I am the maintenance supervisor for a complex covering 110.45 acres of land with almost 1,000,000 square feet of retail space. It's a good job and, if I could go back to the blissful ignorance of my days believing in the future of the status quo, life would be great. However, there are a lot of things I do in the course of my duties that make my brain hurt and my soul weep.
Every morning starts with cleaning up the detrius of modern life, which I won't go into great detail about but can get pretty gross. The cleanup involves a street sweeper with 2 diesel engines and a gas blower, and we spend about 3 hours at it every morning. About 80% of my job involves water. 1/2 the time I make water go away, as in maintaining extensive drainage systems and retention ponds as well as snow removal. The other 1/2 I am putting water down, mainting irrigation and fire sprinkler systems, and hand watering. At home I pat myself on the back for saving a little energy. Then I come to work and throw the switch on 178,230 Watts of exterior lighting and turn on electric heaters to keep pipes from freezing in uninsulated mechanical rooms with 20' cielings. After close to 20 years in operation, there is almost no soil on the property. Acres of green grass and tortured trees are kept alive with chemicals and fertilization. I think of it as a 100 acre hydroponic setup. The excess fertilizer drains into the ponds which then are treated for algae growth with chemicals that prevent the pollutants from being cleaned up by plants. It's enough to make a person crazy.
I am not trying to bash my employer. These are standard practices, at least in the US, no different than any other type of commercial development I have seen. I just want everyone to know where I am coming from when I propose some questions. I am sure you can imagine the inner discord I am subjected to daily as a permie making my way in this bass-ackward enviornment. I would love to hear suggetions or especially find examples of permaculture in action on large commercial setups. Do you know of any examples? Do you have ideas about how your local shopping centers could do things differently? I am open to all suggestions, though I won't even try to sell an idea unless it can be made to look good in dollars and cents.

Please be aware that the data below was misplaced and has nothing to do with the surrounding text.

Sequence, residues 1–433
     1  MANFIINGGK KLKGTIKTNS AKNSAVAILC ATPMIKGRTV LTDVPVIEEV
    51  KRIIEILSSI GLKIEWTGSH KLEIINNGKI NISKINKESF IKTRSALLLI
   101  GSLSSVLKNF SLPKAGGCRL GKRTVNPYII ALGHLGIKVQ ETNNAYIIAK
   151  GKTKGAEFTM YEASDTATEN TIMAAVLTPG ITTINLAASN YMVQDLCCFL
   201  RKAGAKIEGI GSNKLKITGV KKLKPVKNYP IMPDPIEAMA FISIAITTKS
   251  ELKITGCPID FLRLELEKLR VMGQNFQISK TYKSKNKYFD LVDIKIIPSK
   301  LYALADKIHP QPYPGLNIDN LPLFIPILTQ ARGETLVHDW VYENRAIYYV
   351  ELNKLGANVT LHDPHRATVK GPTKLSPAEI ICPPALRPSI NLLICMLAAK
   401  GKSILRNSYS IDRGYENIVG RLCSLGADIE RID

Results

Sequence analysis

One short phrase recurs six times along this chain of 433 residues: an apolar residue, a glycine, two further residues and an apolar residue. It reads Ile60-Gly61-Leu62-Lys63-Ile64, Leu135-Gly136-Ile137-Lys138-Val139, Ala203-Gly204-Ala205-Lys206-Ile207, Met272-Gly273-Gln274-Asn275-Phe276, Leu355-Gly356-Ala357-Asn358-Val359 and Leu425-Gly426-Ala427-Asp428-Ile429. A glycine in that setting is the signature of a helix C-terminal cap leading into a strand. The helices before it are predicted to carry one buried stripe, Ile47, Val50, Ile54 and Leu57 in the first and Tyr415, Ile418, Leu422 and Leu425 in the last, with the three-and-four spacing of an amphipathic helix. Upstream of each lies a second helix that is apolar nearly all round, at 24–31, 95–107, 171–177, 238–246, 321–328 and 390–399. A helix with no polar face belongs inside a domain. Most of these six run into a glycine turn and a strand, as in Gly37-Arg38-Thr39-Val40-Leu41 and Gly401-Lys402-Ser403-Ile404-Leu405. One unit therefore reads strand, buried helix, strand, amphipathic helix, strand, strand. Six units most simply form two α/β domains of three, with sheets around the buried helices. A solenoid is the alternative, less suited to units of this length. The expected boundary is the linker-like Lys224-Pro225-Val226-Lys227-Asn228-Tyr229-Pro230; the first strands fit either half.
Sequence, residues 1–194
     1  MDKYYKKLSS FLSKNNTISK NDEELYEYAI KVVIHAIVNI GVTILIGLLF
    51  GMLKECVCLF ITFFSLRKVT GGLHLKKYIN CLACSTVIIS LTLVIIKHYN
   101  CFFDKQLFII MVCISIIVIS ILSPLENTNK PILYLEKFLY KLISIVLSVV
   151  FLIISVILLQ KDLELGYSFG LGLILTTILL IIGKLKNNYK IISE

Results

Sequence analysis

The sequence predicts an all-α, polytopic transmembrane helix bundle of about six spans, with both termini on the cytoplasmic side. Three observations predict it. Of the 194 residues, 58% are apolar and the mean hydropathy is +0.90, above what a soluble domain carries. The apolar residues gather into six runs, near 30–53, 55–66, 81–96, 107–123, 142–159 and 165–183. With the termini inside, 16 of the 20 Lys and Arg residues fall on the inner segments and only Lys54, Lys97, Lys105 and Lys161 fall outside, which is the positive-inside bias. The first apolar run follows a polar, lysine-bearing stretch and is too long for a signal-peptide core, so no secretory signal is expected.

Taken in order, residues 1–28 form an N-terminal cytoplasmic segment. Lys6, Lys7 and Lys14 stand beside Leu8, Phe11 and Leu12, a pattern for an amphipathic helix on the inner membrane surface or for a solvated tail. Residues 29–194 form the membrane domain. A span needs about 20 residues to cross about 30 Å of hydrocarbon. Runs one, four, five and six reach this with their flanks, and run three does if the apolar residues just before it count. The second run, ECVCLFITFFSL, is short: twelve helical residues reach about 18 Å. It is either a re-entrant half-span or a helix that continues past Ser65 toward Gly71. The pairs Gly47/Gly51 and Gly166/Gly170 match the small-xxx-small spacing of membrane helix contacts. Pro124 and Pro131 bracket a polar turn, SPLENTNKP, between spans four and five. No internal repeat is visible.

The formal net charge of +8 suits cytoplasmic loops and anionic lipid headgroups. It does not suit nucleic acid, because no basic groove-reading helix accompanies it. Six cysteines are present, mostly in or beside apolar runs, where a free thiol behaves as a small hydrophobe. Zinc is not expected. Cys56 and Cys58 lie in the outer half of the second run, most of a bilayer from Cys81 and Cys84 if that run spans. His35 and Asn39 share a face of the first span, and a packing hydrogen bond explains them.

I have already made a couple of attempts at personal redemption for my role here. My passionate 2 page memo on why we should start an on site composting facility fell on deaf ears. Oh well, I wasn't expecting any kind of promotion anyway, so why not be a wierdo. Suprisingly though, my boss sounded interested when I suggested that we cound save money by converting the area around one of our retention ponds from lawn into native prairie. He thinks it might be a good idea to do during a highway reconstruction project slated for 2019. It's far from a done deal. I will need permission and assistance from the local fire dept. to do a controlled annual burn in the city. I will need the blessing of the local planning department. I will need some assistance in planning the seed mix. I was thinking of trying to add swales on contour and cutting the drain pipes back so they flow into the swales instead of directly into the pond. Lastly I will need to put all these details into an awesome proposal and sell my corporate overlords on it.